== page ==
The Oculoplastics Department offers specialized care that focuses on the structures around the eyes.
Our board-certified specialists perform both reconstructive and cosmetic surgery as well as minimally invasive treatments with Botox and facial fillers. Patients come from throughout New England and beyond, seeking the expertise that our doctors can provide.
What is an Oculoplastic Specialist?
Oculoplastic specialists are ophthalmologists who have completed additional training and certification in the treatment of structures around the eyes, including eyelids, brows, tear ducts, orbits, forehead and cheeks.
What is the difference between an oculoplastics specialist and a plastic surgeon?
Oculoplastic surgery combines the deep knowledge and precision required for ophthalmic surgery with aesthetic and reconstructive concepts found within plastic surgery. All of our oculoplastics surgeons are board-certified ophthalmologists and have completed additional fellowship training in the subspecialty of oculoplastic surgery. Drs. Heher, Kapadia and Callahan are all certified by ASOPRS (American Society for Ophthalmic Plastic and Reconstructive Surgery), the highest level of certification in the field.
A plastic surgeon is trained more broadly in reconstructive and cosmetic surgery of the body and face, but does not have specialized training in the area around the eyes.
Reconstructive surgery is surgery performed for medical conditions. Typical reconstructive surgeries performed by oculoplastic specialists include treatment of the following disorders:
Eyelid Reconstructive Surgery
- Drooping eyelids (ptosis)
- Skin cancers around the eyes
- Eyelid malpositions such as turning outward (ectropion) and inward (entropion)
- Eyelid lesions
- Blepharospasm (abnormal blinking or spasm of the eyelids)
Orbital Reconstructive Surgery involves the bony area of the skull which contains the eyeball and the muscles and nerves connected to it.
- Orbital tumors
- Orbital fractures
- Thyroid Eye Disease
- Removal of the eye (enucleation or evisceration)
Lacrimal Reconstructive Surgery involves the tear duct passageway from the eye to the nose.
- Blocked tear duct (nasolacrimal duct obstruction)
- Blocked tear drains (punctal stenosis)
Complex reconstructive surgery may require a team approach with other specialties such as ear nose and throat (ENT) surgeons, neurosurgeons and oncologists.
Cosmetic Treatments and Procedures
While some patients come in for medical problems, others seek consultation to help improve their facial appearance. Most will agree that the eyes are the main focus of the face and the first facial feature noticed by others. Many patients feel that their eyes make them look aged, tired or sad. Rejuvenation of the eyes can lead to a more youthful, energized look using both minimally invasive and surgical procedures such as:
- Facial fillers including Restylane, Juvederm, and Voluma
- Treatment of lines and wrinkles with Botox
- Upper blepharoplasty surgery for drooping eyelids
- Lower blepharoplasty surgery for bags under the eyes
- Botox or surgical brow lift
Why choose New England Eye Center
Our unique practice at New England Eye Center offers you the best of both worlds: the expertise and comfort of private practice physicians and the exceptional, state of the art multidisciplinary care of an academic medical center.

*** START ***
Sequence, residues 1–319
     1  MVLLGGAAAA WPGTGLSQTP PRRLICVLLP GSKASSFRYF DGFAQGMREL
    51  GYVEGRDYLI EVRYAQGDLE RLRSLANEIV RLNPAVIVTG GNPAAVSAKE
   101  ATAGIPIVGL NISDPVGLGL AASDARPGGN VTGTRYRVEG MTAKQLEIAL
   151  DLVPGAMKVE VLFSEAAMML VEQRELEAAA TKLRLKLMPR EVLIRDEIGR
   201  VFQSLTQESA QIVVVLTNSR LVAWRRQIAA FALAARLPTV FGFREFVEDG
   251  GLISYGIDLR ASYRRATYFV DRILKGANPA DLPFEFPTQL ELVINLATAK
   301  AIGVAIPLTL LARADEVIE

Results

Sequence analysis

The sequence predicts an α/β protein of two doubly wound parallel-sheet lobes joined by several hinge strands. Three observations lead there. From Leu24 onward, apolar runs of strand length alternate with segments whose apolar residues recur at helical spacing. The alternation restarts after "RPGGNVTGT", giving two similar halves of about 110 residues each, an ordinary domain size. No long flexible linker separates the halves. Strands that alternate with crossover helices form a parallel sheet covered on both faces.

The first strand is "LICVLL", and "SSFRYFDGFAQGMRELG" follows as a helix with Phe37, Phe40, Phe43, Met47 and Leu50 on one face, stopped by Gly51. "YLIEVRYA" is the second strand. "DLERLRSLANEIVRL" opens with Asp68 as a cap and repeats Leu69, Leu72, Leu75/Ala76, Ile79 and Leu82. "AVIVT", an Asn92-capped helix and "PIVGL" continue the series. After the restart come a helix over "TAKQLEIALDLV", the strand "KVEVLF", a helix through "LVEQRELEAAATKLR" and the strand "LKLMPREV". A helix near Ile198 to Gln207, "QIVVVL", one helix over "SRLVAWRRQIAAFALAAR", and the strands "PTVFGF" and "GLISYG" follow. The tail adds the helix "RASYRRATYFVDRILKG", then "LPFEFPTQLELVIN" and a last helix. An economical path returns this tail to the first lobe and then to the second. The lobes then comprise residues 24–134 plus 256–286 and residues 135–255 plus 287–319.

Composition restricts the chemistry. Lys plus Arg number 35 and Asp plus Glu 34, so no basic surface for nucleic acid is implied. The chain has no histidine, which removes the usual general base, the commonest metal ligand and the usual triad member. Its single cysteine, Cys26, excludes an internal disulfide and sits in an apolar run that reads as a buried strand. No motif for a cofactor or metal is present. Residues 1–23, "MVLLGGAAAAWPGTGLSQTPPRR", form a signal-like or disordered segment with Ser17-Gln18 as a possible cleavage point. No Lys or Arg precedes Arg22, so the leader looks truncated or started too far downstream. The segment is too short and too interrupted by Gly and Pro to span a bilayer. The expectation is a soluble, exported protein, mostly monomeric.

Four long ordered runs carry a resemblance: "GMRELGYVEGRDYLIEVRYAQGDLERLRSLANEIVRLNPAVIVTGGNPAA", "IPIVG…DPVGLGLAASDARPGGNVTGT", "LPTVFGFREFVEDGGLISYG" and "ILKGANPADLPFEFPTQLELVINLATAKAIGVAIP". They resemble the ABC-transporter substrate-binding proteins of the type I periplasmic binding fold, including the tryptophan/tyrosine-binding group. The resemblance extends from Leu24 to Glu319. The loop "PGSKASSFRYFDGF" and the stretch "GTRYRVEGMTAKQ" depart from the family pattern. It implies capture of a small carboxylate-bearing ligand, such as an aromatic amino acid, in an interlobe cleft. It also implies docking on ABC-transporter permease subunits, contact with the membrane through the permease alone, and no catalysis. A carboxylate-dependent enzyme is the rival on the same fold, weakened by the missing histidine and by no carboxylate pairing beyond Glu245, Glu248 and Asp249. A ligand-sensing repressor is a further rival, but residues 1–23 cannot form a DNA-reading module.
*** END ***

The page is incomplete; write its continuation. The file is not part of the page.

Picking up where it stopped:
All of our oculoplastics specialists are board-certified by both the American Board of Ophthalmology (ABO) as well as the American Society of Plastic and Reconstructive Surgery (ASOPRS).
What to Expect at Your Visit
Patients should bring identification and insurance information to the appointment. Our experienced and knowledgeable Practice Coordinators will greet you, and gather some demographic and billing information. They will register you as a Tufts Medical Center patient and initiate your electronic health record. They may collect an insurance co-payment or a cosmetic cash fee. An ophthalmic technician may obtain some information regarding your medical history.
Your doctor will greet you and provide a thorough consultation regarding your condition and the treatment options available. While some minor medical treatments may be performed during the initial visit, many will need to be scheduled for a later date.
Minimally invasive cosmetic treatments such as Botox and facial fillers may be performed on the same day of the consultation. However, bruising may occur, particularly for filler. Recovery time is variable and can take 1-2 weeks to resolve. Patients should consider their work and social calendars when scheduling an appointment for these treatments. Cosmetic charges must be paid in full prior to treatment.
Surgeries not requiring sedation, including some blepharoplasties, may be performed in our full-equipped procedure room on the 11th floor.
However, many procedures require sedation and/or some patients may prefer sedation even when not absolutely required. Surgeries with sedation are performed at in the Ambulatory Surgical Department at Tufts Medical Center. Excellent anesthesiologists and attentive nurses work with our surgeons to provide a superb patient care experience.
Location of New England Eye Center
Driving: our Boston office is located at 260 Tremont St. in the Theater District in downtown Boston. We are on the 11th floor of the Biewend Building at Tufts Medical Center. Convenient parking is available in the Tremont St. Garage, which has direct access to the Biewend Building.
Public Transportation: New England Eye Center is easily accessible by public transportation. Tufts Medical Center has its own stop on the MBTA Orange Line.
Appointments with Dr. Callahan are also available in our Brighton office.